In the more theoretical portion of his book Mr Flügel attempts to establish

some connections between the psychological data and the related facts of anthropology and biology. The origin and development of the love and hate aspects of the family tendencies are dealt with in some detail; but since the hate tendencies arise very largely from thwartings of the love tendencies, the latter are fundamentally the more important and receive from the author the more searching examination.

From the standpoint of psycho-analysis the love aspects of the family tendencies centre in the problem of incestuous affection, and Mr Flügel discusses this problem, asking (1) What are the influences which bring about this attachment in the human mind, and (2) what are the further influences which have brought about its repression?

Very full consideration is given to all the factors which may have been operative in producing and maintaining the tendency to incest; but in view of the universal occurrence of this tendency and of its great strength even after ages of repression, Mr Flügel is tempted to regard it as an innate factor in man's mental constitution. Indeed he supposes that at one time this tendency may have been of advantage in the struggle for existence and that its persistence to-day may be due to a consolidation of hereditary dispositions effected by natural selection.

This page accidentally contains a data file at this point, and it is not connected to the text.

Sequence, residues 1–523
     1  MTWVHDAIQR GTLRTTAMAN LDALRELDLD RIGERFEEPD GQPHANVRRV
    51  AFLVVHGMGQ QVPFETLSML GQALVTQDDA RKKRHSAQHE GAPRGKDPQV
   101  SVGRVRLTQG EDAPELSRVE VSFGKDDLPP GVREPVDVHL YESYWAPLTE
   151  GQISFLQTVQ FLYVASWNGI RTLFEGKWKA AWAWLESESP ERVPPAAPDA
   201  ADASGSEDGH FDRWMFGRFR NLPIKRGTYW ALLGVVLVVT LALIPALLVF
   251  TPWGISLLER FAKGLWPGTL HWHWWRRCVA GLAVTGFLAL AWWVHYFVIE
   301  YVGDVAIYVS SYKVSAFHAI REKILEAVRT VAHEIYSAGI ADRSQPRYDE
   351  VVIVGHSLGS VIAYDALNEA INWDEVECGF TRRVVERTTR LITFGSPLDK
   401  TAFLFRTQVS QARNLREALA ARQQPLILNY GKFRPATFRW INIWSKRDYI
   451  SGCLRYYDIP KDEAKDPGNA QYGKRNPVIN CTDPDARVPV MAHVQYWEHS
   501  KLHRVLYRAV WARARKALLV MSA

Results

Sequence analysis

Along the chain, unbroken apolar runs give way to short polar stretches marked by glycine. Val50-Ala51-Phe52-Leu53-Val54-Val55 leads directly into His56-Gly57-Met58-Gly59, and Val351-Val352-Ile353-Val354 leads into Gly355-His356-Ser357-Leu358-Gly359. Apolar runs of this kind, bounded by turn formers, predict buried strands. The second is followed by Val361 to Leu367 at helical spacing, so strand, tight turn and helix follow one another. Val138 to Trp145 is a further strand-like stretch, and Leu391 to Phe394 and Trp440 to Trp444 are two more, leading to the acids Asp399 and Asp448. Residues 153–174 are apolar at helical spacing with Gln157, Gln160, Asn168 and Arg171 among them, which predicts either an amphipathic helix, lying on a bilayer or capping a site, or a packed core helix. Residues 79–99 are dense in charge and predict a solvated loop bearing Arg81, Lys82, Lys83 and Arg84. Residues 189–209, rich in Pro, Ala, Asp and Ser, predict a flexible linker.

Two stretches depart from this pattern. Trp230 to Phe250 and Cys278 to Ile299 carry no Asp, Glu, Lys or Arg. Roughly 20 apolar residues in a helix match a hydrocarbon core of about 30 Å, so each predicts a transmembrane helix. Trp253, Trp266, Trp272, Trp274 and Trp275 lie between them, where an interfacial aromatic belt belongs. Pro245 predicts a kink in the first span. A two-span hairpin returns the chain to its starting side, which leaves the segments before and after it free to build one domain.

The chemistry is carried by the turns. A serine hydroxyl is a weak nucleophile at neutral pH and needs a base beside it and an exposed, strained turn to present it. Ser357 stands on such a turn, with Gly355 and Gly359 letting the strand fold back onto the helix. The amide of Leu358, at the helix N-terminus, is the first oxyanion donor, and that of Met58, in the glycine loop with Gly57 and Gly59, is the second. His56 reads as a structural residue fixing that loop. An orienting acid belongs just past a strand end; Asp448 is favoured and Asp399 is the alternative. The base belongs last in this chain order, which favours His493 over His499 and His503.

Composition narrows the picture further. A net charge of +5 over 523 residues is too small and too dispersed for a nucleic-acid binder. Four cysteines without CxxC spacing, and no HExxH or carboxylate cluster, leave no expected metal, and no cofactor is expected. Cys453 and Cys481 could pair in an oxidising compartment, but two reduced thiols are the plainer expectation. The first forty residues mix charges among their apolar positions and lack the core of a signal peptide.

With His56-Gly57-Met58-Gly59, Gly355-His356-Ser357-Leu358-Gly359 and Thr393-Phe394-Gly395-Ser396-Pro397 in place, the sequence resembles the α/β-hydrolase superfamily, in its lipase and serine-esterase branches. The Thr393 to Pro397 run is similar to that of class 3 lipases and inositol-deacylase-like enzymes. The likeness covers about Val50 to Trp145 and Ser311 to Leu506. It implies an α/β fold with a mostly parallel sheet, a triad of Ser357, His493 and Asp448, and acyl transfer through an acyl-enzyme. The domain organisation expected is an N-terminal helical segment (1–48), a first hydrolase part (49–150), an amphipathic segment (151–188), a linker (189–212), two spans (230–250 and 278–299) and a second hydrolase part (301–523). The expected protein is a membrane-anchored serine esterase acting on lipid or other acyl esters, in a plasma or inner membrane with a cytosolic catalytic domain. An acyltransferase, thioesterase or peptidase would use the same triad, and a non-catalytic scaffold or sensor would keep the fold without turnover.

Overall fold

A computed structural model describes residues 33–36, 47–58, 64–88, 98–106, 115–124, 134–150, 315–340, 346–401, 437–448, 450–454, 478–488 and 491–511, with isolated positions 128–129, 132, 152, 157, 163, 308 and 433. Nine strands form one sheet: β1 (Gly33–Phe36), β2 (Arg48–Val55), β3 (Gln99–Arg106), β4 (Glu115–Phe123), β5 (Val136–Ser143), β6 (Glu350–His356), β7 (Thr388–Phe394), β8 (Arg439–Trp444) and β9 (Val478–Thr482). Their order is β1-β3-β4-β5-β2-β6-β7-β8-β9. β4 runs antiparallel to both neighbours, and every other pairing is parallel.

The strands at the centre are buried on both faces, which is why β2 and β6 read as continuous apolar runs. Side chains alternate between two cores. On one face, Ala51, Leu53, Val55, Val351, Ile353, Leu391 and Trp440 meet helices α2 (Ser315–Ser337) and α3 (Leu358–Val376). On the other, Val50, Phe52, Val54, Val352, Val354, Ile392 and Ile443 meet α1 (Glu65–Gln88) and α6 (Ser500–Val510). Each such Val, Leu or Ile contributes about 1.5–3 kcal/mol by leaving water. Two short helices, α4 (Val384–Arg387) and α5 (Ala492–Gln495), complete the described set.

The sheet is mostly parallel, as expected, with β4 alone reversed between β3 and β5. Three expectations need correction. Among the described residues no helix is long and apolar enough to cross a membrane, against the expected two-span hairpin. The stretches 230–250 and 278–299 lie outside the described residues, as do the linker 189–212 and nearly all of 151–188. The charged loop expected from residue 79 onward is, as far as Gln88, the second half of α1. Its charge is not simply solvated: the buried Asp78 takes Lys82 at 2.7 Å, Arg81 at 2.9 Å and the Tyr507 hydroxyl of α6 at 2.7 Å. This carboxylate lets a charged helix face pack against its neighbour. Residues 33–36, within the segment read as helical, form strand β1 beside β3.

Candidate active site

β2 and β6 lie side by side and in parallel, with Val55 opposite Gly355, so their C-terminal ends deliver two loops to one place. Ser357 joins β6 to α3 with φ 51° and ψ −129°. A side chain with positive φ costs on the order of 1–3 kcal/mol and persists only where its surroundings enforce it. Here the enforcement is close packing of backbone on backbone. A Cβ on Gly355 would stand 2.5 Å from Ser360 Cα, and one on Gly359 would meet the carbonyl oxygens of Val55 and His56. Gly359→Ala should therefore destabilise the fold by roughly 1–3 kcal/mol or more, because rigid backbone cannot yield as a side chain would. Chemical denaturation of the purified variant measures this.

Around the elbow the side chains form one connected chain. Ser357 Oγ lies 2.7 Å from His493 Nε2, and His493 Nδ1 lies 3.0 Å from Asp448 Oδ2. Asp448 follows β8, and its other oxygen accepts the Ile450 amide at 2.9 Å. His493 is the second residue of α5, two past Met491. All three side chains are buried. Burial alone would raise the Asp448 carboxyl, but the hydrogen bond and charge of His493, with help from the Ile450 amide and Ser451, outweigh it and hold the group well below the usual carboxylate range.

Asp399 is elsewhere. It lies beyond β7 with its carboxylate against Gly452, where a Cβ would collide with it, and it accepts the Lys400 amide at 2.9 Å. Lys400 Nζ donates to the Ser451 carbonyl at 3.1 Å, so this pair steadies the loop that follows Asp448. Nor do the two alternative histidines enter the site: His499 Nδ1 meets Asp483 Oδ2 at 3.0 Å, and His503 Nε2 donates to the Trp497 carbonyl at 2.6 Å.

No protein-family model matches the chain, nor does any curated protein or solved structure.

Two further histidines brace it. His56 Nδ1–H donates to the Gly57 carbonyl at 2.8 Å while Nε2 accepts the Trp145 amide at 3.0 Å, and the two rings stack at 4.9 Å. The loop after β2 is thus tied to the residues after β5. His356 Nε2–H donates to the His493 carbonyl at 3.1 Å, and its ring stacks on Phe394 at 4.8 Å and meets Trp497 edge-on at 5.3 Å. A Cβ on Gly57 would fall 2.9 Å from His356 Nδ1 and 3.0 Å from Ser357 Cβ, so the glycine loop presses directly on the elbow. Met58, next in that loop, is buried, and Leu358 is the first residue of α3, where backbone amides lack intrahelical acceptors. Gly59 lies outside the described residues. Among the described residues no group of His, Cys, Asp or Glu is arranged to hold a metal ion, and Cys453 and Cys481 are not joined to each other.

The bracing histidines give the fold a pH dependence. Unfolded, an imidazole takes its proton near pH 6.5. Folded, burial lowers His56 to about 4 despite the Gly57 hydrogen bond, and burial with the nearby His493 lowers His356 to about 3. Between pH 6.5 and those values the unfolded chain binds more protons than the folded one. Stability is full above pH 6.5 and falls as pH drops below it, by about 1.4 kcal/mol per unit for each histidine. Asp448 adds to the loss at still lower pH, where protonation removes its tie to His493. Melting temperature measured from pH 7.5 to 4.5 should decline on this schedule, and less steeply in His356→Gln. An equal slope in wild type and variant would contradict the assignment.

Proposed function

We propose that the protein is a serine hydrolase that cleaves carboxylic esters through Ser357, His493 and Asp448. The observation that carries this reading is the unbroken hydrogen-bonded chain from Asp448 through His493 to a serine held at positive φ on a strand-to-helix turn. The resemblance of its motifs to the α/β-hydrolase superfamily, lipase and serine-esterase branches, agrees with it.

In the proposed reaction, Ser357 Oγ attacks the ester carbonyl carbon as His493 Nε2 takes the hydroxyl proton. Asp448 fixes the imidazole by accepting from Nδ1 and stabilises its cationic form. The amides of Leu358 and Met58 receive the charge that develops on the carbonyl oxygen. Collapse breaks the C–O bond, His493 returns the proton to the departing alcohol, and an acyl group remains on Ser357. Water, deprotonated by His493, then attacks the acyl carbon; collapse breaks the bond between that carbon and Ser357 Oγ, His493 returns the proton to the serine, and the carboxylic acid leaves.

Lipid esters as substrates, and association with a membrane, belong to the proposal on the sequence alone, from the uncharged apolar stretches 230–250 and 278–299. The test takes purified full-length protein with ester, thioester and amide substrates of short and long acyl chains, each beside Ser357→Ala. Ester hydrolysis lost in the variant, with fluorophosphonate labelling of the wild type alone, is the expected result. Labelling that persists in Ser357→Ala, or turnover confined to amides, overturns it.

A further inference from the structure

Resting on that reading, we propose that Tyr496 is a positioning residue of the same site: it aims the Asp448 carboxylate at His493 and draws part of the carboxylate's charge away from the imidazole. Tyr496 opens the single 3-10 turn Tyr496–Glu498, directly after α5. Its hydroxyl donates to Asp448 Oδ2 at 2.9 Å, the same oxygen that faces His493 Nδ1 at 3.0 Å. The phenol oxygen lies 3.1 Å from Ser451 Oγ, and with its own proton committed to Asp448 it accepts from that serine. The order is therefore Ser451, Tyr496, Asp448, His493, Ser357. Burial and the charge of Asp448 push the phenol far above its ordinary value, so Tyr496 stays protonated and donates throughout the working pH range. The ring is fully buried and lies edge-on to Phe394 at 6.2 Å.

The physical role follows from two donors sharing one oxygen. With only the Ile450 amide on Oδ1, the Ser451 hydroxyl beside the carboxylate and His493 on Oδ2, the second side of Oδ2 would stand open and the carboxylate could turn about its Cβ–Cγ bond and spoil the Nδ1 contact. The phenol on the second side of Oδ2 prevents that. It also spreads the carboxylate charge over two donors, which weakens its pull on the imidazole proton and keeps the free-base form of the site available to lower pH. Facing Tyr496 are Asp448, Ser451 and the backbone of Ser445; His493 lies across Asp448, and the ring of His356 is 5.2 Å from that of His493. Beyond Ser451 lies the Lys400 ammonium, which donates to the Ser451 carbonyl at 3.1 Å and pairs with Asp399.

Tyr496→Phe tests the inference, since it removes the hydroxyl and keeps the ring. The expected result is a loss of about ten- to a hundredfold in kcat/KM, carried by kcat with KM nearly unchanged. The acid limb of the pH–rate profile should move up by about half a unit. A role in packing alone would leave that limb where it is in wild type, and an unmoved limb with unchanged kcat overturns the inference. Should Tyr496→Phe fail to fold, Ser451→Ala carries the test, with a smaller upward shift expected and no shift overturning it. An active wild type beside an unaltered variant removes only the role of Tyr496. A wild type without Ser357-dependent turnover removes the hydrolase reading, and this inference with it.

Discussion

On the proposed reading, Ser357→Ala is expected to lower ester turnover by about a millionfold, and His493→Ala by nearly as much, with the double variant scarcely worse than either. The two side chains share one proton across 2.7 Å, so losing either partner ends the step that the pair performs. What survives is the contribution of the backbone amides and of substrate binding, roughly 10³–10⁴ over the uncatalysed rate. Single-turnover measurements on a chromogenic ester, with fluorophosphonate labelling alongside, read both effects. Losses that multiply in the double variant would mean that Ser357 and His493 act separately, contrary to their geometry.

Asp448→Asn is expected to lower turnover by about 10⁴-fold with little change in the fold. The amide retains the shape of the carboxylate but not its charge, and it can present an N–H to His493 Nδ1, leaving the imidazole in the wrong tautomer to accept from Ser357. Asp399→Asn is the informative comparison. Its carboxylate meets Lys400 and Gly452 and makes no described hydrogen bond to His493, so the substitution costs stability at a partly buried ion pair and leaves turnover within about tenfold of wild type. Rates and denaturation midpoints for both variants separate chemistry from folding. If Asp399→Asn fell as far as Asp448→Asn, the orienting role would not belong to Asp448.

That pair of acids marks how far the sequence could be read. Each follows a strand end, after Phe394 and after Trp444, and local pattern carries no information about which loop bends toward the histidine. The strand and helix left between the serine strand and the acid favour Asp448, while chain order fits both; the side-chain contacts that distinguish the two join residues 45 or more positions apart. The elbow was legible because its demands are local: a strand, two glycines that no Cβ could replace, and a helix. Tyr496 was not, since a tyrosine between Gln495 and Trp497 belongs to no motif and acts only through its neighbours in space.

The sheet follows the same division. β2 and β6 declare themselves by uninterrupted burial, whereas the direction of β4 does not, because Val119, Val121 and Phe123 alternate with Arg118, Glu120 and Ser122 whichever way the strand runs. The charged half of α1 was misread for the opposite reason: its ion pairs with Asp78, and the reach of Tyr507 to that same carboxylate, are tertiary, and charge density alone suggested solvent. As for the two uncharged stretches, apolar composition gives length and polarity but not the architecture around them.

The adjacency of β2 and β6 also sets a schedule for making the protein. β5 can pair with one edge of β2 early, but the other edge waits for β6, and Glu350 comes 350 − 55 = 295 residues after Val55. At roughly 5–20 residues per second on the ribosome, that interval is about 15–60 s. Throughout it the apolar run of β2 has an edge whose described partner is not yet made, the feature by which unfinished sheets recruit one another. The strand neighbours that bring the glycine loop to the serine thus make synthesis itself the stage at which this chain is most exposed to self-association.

When he comes to consider the question of the repression of incestuous love Mr Flügel finds, as was not the case in his discussion of the positive aspects of the tendency, that certain explanations have already been advanced by other writers; but these he considers for the most part unsatisfactory or at least incomplete. He passes in review the explanations of exogamy given by primitive peoples themselves and by such writers as Durkheim, Westermarck, Wundt, McLennan, Herbert Spencer and others; and although he admits that the factors suggested by these authorities may have played some part in bringing about the practice of exogamy, he thinks there is pretty general agreement that none of them affords a complete or sufficient account of this phase of racial development.

In pointing out the "biological absurdity" of parent-child incest (p. 207) Mr Flügel raises some doubts in our minds concerning his suggestion, referred to above, that the tendency to incest is perhaps innate and was at one time fostered by natural selection. For now he describes the dysgenic effects on the offspring which result from cohabitation between individuals of widely different ages, and the disadvantages which would accrue to any races in which parent-child unions were common. Natural selection would act adversely to the inheritance of such tendencies; and although this objection would not apply to brother-sister unions, yet these are admittedly not the most primitive form of incest, and, on Mr Flügel's own showing, it is therefore difficult to see how natural selection in our human ancestors can account for the universal presence of the incestuous tendencies revealed in the Edipus complex. Their innateness, if they are innate, must be traced to an earlier phase of phyletic history.

On the other hand there is every reason to believe that the tendency to the repression of incest is innate in man, and, as Mr Flügel well shows, such repression would have survival value in primitive peoples and would thus allow natural selection to come into play in forming and consolidating the hereditary dispositions which ensure the repression of the Edipus complex. For as he points out, strong family ties conflict with individual and social development and natural selection would ensure the continuation of those communities